“Best of all, though, by saying that you delight in your work, you will draw inspiration near. Inspiration will be grateful to hear those words coming out of your mouth, because inspiration—like all of us—appreciates being appreciated. Inspiration will overhear your pleasure, and it will send ideas to your door as a reward for your enthusiasm and your loyalty. More ideas than you could ever use. Enough ideas for ten lifetimes.”
“Recognizing this reality—that the reaction doesn’t belong to you—is the only sane way to create. If people enjoy what you’ve created, terrific. If people ignore what you’ve created, too bad. If people misunderstand what you’ve created, don’t sweat it. And what if people absolutely hate what you’ve created? What if people attack you with savage vitriol and insult your intelligence, and malign your motives, and drag your good name through the mud? Just smile sweetly and suggest, as politely as you possibly can, that they go make their own fucking art. Then stubbornly continue making yours.”
“The essential ingredients for creativity remain exactly the same for everybody: courage, enchantment, permission, persistence, trust—and those elements are universally accessible.”
“We all spend our twenties and thirties trying so hard to be perfect, because we are so worried about what other people think of us. Then we get into our forties and fifties, and we finally start to be free, because we decide that we don’t give a damn what anyone thinks of us. But you won’t completely be free until you reach your sixties and seventies, when you finally realize this liberating truth: nobody was ever thinking about you anyhow.”
“Fierce trust asks you to stand strong within this truth: You are worthy, dear one, regardless of the outcome. You will keep making your work, regardless of the outcome. You will keep sharing your work, regardless of the outcome. You were born to create, regardless of the outcome. You will never lose trust in the creative process, even when you don’t understand the outcome.”
Author: Cal Newport
Who should read it: Anyone needing convincing that email- and social media-obsessed distractions truly don’t lead to deep work. It’s a very scientific and dry read, but excellent for people wanting another reason to convince their bosses to work from home. Fewer distractions mean more productivity.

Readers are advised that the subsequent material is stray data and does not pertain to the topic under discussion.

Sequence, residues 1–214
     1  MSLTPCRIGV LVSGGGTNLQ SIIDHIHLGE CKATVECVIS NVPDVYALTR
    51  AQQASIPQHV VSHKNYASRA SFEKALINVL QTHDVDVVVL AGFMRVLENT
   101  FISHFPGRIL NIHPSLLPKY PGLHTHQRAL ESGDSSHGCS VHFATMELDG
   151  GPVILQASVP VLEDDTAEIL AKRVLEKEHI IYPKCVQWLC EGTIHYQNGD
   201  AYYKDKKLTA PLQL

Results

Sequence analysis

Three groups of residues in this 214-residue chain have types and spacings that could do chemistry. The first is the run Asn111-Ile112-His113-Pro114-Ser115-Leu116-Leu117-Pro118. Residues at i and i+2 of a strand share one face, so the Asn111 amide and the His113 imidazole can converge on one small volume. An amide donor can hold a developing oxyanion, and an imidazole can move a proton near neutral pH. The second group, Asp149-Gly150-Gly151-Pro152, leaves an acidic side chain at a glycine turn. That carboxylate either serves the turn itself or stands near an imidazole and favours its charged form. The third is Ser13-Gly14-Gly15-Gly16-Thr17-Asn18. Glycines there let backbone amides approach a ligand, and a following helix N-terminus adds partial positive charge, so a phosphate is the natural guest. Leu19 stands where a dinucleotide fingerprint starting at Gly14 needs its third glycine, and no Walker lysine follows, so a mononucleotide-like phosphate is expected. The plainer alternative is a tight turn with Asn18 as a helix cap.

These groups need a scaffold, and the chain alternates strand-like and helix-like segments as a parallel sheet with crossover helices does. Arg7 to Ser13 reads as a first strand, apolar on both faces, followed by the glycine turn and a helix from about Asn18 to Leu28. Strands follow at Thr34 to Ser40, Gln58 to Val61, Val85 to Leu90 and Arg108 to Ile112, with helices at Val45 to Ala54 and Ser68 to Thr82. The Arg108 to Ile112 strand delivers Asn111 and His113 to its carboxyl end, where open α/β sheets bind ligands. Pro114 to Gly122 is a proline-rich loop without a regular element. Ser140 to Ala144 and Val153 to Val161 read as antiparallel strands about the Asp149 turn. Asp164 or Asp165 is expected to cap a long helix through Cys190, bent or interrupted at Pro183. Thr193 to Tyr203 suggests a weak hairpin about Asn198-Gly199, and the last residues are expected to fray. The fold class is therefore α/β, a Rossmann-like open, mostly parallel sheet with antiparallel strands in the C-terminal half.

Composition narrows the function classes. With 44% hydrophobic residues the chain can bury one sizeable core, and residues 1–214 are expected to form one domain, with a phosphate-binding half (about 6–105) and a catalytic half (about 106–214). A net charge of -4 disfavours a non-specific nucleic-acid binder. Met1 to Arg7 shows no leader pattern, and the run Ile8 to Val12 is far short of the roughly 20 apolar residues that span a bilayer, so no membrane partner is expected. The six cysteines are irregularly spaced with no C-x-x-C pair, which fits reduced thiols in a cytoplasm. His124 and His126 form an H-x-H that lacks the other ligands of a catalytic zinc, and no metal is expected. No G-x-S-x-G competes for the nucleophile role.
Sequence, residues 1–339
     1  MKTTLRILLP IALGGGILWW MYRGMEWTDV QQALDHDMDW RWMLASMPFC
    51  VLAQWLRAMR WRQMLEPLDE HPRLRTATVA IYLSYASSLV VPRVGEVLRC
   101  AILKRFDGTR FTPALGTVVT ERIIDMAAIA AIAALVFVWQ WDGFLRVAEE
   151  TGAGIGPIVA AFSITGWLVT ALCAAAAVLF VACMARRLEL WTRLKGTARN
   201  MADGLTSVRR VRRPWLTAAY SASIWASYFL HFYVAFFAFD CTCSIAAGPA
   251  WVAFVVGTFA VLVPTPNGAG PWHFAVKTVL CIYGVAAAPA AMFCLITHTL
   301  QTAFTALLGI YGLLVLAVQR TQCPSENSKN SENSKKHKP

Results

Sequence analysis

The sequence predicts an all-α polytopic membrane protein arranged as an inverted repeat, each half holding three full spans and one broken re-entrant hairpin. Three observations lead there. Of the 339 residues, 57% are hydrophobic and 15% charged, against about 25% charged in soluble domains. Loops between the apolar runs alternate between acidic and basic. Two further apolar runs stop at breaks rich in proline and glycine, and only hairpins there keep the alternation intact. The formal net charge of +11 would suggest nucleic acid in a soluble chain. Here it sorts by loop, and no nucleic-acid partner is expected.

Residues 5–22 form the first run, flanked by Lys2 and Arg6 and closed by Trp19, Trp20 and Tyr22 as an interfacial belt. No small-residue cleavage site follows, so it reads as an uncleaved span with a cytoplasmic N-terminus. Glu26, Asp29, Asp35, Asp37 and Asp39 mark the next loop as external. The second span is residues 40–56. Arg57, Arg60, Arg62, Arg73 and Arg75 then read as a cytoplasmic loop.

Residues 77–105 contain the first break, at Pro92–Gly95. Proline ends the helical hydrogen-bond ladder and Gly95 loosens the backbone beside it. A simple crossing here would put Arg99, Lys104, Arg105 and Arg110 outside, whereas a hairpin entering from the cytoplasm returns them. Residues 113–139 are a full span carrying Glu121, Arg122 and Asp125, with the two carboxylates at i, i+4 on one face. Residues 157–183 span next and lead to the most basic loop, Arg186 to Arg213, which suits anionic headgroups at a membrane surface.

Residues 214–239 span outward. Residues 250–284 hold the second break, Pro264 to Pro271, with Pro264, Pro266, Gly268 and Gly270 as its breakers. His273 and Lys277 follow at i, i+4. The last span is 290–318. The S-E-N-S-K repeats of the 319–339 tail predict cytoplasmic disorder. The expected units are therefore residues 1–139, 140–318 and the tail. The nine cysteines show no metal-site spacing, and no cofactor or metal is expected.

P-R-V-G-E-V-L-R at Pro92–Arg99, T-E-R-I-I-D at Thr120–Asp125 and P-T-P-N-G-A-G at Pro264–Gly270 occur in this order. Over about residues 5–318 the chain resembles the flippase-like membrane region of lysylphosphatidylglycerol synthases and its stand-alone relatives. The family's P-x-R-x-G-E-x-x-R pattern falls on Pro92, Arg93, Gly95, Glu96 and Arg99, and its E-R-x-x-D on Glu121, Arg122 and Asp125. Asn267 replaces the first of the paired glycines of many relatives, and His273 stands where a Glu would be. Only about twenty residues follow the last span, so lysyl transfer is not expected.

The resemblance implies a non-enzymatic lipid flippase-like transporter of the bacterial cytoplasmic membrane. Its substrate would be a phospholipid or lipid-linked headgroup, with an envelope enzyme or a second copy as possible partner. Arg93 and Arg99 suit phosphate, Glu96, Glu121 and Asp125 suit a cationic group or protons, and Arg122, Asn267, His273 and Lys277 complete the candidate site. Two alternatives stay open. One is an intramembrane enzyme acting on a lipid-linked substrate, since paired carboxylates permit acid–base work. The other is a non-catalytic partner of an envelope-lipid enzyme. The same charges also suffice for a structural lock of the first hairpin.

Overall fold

Rating: * * (2 stars) (I rated this book only two stars because I think it could be summed up in a 1-page paper — not an entire book)
“By working on a single hard task for a long time without switching, Grant minimizes the negative impact of the attention residue from his other obligtations, allowing him to maximize performance on this one task. When Grant is working for days in isolation on a paper, in other words, he’s doing so at a higher level of effectiveness than the standard professor following a more distracted strategy in which the work is repeatedly interrupted by residue-slathering interruptions.”
“The attention residue concept is still telling because it implies that the common habit of working in a state of semi-distraction is potentially devastating to your performance.”
“Rule #1: Work deeply. Rule #2: Embrace boredom. Rule #3: Quit social media. Rule #4: Drain the shallow (Decide what you’re going to do with every minute of your workday using time-blocking.)”
One Word That Will Change Your Life
Authors: Jon Gordon, Dan Britton, Jimmy Page
Who should read it: Anyone looking for one word of inspiration for your year. No explanations or definitions — just one word.
Rating: * * * * * (4 stars)
The book takes less than 1 hour to read, so I’m not going to list any favorite quotes, but I will share that my word for 2018 is BOLD. One Sunday morning, I was thinking about my word and it came to me. As the book states, the words finds you. Read this book and try to define each year after this one with just one word that will change your life.
The Compound Effect
Author: Darren Hardy
Who should read it: Anyone looking to start or stop a habit. This book focuses on how small, incremental changes compound over months and years to give you transformational growth.
Rating: * * * * * (4 stars)
“Success is not doing 5000 things really well. Success is doing half a dozen really well, 5000 times. So, the key is, what are those half a dozen things and how do you do them really well?”